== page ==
This article looks at the evolution of state agricultural policy in the context of a change in the general political line from the radical liberalism of the 1990s to state patronage and active support of the agricultural sector today. The privatization of land and the creation of private farms, the National Priority Project Development of the Agro-Industrial Complex, the adoption of Russia’s Food Security Doctrine, Russia’s accession to the WTO, and import substitution in response to Western sanctions are considered as stages of this policy. The author draws the conclusion that agricultural policy is inconsistent because of its excessive dependence on the political context, as determined by foreign policy collisions and the transformation of Russia’s internal development model.
This paper considers the problem of institutional development in the countries of Central and Eastern Europe. We analyze existing approaches to explaining the causes and factors of institutional development and seek to determine why there was no evidence of institutional convergence in European countries between 1990 and 2014. We look at the theoretical and methodological limitations of approaches to the analysis of institutional development characteristic of mainstream political science. The data we utilize comprise a wide range of quantitative variables which measure levels of institutional development, social trust and political capital. We also use our own Total Factor Productivity (TFP) estimates obtained through non-parametric methods using raw data. We analyze relationships between the variables using correlations, regression analysis and clustering. The results of statistical analysis reveal the mechanism through which TFP influences institutional development: we show that TFP is a necessary prerequisite for institutional transformation.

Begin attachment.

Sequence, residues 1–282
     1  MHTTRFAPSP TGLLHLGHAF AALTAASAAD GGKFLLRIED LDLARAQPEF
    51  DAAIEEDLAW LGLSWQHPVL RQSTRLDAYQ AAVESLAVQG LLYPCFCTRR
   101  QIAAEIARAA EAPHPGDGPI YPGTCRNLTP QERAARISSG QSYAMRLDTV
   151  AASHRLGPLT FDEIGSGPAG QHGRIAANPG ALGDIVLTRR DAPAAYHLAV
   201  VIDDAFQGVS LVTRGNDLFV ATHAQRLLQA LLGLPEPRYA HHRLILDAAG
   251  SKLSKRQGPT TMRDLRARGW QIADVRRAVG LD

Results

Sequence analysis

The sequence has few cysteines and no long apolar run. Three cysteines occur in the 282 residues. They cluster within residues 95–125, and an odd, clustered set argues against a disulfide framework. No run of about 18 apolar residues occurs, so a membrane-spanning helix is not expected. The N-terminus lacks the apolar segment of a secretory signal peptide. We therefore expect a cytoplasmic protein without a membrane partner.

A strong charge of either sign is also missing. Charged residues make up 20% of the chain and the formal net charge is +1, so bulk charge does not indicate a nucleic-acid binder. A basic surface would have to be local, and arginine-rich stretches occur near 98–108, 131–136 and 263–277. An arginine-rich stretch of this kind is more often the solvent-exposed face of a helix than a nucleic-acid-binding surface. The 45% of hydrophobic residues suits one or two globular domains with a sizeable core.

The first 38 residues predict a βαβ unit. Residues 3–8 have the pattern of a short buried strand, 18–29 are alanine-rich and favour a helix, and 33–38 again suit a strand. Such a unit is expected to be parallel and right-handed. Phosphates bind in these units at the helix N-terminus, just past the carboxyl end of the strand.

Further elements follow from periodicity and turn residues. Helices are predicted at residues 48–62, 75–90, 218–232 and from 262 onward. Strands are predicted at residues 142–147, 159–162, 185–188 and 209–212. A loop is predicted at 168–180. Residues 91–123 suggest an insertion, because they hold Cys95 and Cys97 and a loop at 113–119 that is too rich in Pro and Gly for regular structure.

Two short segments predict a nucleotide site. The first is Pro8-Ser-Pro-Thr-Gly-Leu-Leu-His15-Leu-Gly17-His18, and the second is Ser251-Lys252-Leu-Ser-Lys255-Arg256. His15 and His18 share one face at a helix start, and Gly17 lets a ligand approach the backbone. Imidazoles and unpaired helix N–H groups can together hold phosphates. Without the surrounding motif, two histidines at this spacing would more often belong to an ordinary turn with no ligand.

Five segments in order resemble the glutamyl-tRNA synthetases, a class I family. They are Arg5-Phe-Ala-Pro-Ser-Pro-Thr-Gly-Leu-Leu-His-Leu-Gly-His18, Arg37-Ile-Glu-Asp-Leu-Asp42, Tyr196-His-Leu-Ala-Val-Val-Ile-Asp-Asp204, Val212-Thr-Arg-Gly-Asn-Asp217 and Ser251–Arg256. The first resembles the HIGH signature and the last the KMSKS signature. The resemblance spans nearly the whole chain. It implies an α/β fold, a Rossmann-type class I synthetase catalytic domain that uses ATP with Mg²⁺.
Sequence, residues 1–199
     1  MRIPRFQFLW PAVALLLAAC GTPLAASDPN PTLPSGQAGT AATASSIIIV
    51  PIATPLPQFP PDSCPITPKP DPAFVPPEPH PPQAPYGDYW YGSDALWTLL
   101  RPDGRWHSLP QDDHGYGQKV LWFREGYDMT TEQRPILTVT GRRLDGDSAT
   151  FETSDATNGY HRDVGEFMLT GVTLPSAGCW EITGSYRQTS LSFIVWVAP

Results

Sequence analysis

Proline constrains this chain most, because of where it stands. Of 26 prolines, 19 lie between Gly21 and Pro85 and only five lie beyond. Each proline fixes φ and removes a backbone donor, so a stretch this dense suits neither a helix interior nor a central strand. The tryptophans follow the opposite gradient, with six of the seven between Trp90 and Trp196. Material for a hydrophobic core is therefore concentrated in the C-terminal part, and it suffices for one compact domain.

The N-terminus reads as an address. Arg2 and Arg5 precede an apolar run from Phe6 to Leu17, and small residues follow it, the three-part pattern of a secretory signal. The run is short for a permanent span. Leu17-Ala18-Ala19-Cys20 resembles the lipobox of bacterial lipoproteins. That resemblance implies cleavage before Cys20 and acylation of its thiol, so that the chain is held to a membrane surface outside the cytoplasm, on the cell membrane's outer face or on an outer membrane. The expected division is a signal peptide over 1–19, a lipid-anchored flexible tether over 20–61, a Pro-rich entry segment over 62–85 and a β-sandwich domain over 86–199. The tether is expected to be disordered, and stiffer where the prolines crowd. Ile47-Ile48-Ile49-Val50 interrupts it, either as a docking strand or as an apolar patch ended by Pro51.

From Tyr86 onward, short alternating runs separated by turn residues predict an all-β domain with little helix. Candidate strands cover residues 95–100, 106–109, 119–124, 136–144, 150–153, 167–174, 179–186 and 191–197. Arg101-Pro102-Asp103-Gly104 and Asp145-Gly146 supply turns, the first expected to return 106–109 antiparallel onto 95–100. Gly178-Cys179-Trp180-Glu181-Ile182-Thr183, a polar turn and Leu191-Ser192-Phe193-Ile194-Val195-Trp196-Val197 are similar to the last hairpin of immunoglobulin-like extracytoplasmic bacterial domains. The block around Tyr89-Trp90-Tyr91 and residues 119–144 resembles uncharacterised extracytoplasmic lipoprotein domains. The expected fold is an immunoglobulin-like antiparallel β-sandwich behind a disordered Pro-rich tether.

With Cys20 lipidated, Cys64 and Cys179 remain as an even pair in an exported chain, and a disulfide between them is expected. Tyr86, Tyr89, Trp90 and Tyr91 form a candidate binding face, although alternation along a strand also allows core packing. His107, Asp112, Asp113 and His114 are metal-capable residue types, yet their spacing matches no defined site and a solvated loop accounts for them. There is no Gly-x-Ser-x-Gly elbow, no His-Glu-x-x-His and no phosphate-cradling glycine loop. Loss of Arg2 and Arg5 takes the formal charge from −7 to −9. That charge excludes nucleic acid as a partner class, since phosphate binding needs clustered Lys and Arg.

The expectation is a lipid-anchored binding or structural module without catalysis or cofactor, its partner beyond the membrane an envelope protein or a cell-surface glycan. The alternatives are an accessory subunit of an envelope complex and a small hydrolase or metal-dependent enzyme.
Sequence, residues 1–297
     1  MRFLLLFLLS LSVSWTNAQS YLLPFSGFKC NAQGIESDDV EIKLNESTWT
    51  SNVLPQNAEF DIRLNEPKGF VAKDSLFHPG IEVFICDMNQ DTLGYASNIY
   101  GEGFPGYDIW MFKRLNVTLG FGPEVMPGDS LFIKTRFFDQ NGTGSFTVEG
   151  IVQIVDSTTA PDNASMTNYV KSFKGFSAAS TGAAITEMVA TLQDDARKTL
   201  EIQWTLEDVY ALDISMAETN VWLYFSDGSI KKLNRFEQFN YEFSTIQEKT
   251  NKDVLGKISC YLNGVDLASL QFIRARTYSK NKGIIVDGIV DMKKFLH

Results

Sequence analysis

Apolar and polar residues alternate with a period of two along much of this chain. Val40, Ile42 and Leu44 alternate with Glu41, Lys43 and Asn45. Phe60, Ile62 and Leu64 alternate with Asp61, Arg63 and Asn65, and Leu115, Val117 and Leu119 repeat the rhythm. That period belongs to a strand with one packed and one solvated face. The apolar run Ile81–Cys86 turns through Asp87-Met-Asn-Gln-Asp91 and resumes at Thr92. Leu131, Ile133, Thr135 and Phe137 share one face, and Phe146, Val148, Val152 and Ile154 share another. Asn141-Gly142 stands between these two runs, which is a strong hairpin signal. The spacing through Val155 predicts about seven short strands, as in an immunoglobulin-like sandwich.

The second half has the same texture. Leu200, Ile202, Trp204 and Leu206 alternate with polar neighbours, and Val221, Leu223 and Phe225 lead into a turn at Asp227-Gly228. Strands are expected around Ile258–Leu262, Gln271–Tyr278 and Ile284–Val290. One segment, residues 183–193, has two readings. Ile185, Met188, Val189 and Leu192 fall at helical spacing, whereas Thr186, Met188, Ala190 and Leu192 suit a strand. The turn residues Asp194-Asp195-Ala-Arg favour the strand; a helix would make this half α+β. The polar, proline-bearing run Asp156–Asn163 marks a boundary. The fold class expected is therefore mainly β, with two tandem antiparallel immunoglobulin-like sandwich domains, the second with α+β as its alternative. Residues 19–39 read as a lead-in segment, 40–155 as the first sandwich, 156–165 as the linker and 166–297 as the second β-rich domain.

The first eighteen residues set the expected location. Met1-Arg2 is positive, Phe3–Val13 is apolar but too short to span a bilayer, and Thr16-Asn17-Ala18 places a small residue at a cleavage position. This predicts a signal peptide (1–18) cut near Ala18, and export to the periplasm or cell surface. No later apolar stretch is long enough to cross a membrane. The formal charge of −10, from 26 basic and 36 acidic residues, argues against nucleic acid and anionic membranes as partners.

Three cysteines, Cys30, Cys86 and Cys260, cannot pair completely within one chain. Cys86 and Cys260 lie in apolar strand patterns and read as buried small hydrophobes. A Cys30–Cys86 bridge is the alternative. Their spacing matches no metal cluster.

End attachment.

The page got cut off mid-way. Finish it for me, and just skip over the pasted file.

The concepts of morality, justice and good have always loomed large in the perception of economic science. In this article I attempt to reveal the regularities of moral criticism of economic science. The first section is devoted to the challenges facing contemporary economic science in the face of growing political influence of populist parties and movements. The second section looks at some factors contributing to a moral critique of economic science. The third section looks at the works of Hobbes, Adam Smith and Carlyle to reveal different approaches to the regulation of human behavior (by analyzing state coercion, the market and morality). An analysis of initial stages in the emergence of the conservative-romantic program of making the market mechanism subordinate to the ideals of justice and the common good highlights its fundamental problem: the need for enforcing compliance not only with legal, but also with moral norms.
Different conceptual aspects of social unity and their interrelations are discussed. The semantic analysis of concepts depicting the social unity is given. The author distinguishes two types of social integration designated as "integration of society" and "integration with society. Besides, two other aspects of social integration, namely social cohesion (solidarity, consensus), on the one hand, and social regulation (rules, norms and values), on the other hand, as well as the interaction between them, are analyzed. According to author, the two forms of social integration, cohesion and adherence to abstract rules, are united by civil solidarity and civil society.
Review of the book I. FILATOVA, A. DAVIDSON. Russia and South Africa: Building Bridges, Moscow, The Publishing House of the State University-Higher School of Economics, 2012.